Appearing as a guest on Friday's MTP Daily on MSNBC, liberal actor Mandy Patinkin of Showtime's Homeland series bizarrely seemed to suggest that "white men" in both the government and the military are "the bad guys" in their dealings with Muslims.
His hyperbolic suggestion came as he recalled that the latest season of the show had turned towards a more sympathetic portrayal of Muslims in reaction to charges that the show had stoked anti-Muslim sentiments in previous seasons.
We have tried to be part of the cure, not part of the problem. A different story line where we're helping these people and a story line that shows in this case, in this year, in this season and -- that maybe it's the -- and it is white men in the government and the military establishment that are the bad guys, not the Muslim community.
Several minutes into the interview, after Patinkin spoke of his efforts to bring Syrian refugees into the country, host Chuck Todd brought up the issue of Americans being afraid some Muslim refugees might commit terrorism:
TODD: What role do you think you can play in helping to de-escalate the fear? Because there's -- it's fear that's out there, the idea that, 'Hey, you bring in pockets, and it just takes one infiltrator to ruin the entire program.'
Patinkin fretted that government leaders had a history of choosing people to "vilify," oddly including "Nazis" in his list of people who have been "vilified" in the past:
Yes. Well, this is where Homeland and the real world are one for me because I started to say earlier it's false information. It's not the truth in terms of how you get elected and the tools you use. It's the oldest trick in the book. I find someone to vilify. In movies, it was cowboys and Indians and the Nazis, Communists, you know.
He then went a bit over the top as he referred to Muslim "contributions" to the world being "monumental" as he added: "Now, they've chosen the Muslim community -- a community who's made contributions to the world of a monumental nature."
<<< Please support MRC's NewsBusters team with a tax-deductible contribution today. >>>
After Todd recalled that "Homeland has been criticized for how Muslims are portrayed," Patinkin continued: "Yes, it is, and we have taken that responsibility, and, particularly in season six, we have tried to be part of the cure, not part of the problem."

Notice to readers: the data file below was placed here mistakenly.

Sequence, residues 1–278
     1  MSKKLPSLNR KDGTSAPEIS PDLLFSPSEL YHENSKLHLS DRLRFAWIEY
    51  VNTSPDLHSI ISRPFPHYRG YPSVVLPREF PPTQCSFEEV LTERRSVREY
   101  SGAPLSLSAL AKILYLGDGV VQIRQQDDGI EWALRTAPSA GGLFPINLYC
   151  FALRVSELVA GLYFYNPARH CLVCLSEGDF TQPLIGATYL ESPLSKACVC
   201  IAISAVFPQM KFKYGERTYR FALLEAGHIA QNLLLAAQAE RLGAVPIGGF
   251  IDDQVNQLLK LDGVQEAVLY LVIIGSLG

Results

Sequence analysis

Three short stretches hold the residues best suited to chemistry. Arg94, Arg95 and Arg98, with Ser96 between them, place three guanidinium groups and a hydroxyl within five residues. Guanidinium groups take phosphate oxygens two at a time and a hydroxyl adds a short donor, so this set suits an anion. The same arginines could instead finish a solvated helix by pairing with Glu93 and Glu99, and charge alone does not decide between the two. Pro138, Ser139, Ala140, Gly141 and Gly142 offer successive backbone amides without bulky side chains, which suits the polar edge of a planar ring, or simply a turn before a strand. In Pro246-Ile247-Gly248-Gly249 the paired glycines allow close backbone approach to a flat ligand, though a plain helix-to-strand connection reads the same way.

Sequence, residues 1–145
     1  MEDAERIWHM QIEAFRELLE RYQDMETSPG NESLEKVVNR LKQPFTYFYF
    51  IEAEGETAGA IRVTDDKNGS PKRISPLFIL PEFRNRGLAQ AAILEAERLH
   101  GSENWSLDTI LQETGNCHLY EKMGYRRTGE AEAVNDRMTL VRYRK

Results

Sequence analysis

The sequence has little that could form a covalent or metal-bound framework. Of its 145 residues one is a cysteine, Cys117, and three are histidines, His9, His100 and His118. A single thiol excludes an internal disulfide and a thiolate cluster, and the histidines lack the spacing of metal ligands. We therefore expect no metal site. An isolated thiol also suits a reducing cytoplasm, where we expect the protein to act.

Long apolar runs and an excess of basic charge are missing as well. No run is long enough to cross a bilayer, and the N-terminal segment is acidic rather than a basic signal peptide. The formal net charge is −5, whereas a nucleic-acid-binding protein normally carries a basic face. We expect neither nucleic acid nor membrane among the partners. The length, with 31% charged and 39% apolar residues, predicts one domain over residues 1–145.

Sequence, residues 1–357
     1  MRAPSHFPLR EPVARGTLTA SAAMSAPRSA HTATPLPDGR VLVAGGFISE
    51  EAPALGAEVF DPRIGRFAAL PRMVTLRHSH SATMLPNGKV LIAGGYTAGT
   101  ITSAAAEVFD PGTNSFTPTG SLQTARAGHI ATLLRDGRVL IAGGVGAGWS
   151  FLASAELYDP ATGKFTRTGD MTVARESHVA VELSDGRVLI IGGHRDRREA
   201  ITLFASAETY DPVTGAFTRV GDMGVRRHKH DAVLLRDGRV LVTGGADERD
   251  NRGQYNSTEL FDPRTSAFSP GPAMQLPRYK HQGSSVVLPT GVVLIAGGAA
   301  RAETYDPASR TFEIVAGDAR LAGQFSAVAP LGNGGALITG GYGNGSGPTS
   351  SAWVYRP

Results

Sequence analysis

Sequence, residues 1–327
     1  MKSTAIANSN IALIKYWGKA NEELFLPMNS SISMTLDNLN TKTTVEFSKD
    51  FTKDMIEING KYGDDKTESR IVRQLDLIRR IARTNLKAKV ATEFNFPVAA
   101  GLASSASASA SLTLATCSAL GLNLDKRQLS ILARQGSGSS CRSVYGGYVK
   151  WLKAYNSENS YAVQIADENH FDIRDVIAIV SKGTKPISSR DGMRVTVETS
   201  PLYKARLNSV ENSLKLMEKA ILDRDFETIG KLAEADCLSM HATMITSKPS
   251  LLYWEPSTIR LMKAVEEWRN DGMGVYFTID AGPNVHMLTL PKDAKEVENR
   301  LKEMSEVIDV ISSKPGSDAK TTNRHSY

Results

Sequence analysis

After Todd injected, "A different story line," the liberal actor elaborated that the show would change its tone to "A different story line where we're helping these people and a story line that shows [that change] in this case, in this year, in this season."
Patinkin -- who made similar comments last week -- then brought up "white men" being "the bad guys" in some of the stories, but also suggested they were also villains in real life -- as he put emphasis on the word "is" -- in adding: "and that maybe it's the ---and it is white men in the government and the military establishment that are the bad guys, not the Muslim community."
Patinkin hinted at criticism of President Donald Trump and other politicians as he added:
And so back to the issue of how you get elected, you tell the populace who you need to be afraid of. You need to be afraid of these people over here. And you vote for me -- I'll keep you safe. When let's just put some facts on the table, please, God.
He then went over the top again as he continued:
The gift I have to give to my fellow countrymen and people around the world, the facts are, the Muslim community are our gift. They are the fabric of what makes America great.
Patinkin ignored such terrorist attacks as those perpetrated recently by Somali refugees as he then argued:
Now, in terms of the election, since 1975, over three million refugees have been resettled in the United States. Since 9/11, over 900,000. Not a single terrorist incident has taken place by a refugee who's been resettled in the United States. These are the safest citizens we have.
And the vetting process is an 18-month to two-year process. You do not get in the door until the UNHCI in nine different countries feels that you as an individual or a family can make it through this very long, lengthy process, and the process never stops for the rest of your life. So refugees in the United States of America are the safest possible citizens you could say hello to or invite them into your community. And I encourage everyone to please invite them into their community.